Tag Archives: Neo-Assyria Army

Booty, Blood and Borders: Neo-Assyrian Expansion to the West

The site where the modern village of Tell Ahmar until recently stood, was clearly occupied for a very long period of time, however the period that I am interested in, the period in which the figurines were made, is between 650 and 600 BC. During that time, the settlement and surrounding regions were under the control of the Neo-Assyrian Empire, centred on the city of Assur to the east of the Euphrates. The name Assyria comes from Assur.

The heart of the Assyrian Empire, the state of Assur itself, was a small region with good agricultural land but few natural resources situated around the triangle formed by the rivers Tigris and Habur. Assur obtained the resources it needed by demanding that the regions it conquered provided what it needed. Dependent on agriculture and animal husbandry, the internal provinces provided the major cities with foodstuffs through a rotated tax system. Best attested under Tiglath-Pileser I, this system is still apparent in the 7th century when Til Barsib fell to Shalamaneser III. Although stone was available in the north of Assyria, timber, metal and a ready supply of horses, important for military capabilities, had to be assured through tribute, booty or trade.

The enforced movement of occupied people between their homes in the provinces to the capital Assur was a standard Neo-Assyrian practice from the reign of Tiglath-Pileser III through that of Assurbanipal, although it seems less important under Esarhaddon and Assurbanipal.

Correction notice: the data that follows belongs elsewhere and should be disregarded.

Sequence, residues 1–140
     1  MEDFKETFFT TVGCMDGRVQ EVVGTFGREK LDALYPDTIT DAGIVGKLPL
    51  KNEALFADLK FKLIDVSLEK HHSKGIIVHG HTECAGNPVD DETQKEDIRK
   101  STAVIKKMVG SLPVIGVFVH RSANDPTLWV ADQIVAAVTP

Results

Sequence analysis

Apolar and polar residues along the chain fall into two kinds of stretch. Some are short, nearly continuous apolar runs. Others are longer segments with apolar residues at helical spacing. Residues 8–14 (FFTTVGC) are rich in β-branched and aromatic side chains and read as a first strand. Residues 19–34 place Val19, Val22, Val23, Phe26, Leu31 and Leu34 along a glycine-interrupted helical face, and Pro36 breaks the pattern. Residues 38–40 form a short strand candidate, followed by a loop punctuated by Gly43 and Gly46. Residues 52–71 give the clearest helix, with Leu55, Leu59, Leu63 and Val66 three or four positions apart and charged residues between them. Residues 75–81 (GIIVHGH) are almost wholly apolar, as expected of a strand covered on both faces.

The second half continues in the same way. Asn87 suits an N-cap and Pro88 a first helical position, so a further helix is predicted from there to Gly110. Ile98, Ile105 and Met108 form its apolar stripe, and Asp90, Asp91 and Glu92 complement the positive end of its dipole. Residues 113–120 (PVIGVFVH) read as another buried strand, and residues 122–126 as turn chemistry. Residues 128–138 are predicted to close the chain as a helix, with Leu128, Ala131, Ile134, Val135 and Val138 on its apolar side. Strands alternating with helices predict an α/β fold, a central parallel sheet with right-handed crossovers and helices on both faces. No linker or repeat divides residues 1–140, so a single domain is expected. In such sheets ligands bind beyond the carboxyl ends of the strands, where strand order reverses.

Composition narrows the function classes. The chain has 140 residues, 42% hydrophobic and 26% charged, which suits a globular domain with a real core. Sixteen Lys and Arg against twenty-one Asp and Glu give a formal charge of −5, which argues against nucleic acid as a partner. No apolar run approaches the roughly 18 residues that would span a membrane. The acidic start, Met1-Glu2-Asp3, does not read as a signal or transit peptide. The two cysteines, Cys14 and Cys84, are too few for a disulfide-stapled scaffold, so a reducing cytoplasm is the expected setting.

Tribute was taken on threat of further military incursion in the region, and so to ensure the city of Assur received what it needed to survive, its imperial policies relied heavily on the abilities of the army to fulfil these threats. Also, the strength of the army was the crucial factor in the stability of the empire. But without the continuous supply of metals, horses and manpower, the military machine could not be maintained. Forts were situated within vassal states. These military centres acted as bases from which intelligence could be gathered and campaigns launched. The colonies and forts formed the basis of the network of the Assyrian Empire.

For short periods, the Assyrians were defeated by other kingdoms, such as the Mitannians. However, having thrown off Mitannian vassaldom in the 14th century, and advancing towards the Euphrates from the heartland around the Habur, the Assyrian kings quickly came into conflict with the “Land of Hatti”, centred around North Syria and Southern Anatolia. By the 12th century the Hittite city-states had fallen victim to the general disruptions marking the end of the Bronze Age. But then, probably as a result of the recent incursions of Aramaean tribes from the southern deserts, the embryonic Neo-Assyrian Empire fell into a period of slow collapse, which resulted in the contraction of territory almost to the city of Assur itself.

 

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Filed under Context, Neo-Assyrian Army, Neo-Assyrian Empire, Shalmaneser III, Tell Ahmar, Til Barsib